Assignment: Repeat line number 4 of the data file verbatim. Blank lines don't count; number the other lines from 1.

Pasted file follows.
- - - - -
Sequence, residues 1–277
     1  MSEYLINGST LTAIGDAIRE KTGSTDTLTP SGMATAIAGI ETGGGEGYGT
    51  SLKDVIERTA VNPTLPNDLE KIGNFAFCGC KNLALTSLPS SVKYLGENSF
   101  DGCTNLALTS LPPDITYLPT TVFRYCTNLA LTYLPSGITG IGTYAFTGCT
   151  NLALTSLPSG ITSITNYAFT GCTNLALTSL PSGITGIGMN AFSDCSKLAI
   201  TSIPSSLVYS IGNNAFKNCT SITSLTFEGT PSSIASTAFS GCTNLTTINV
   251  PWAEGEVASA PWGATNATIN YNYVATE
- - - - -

   101  DGCTNLALTS LPPDITYLPT TVFRYCTNLA LTYLPSGITG IGTYAFTGCT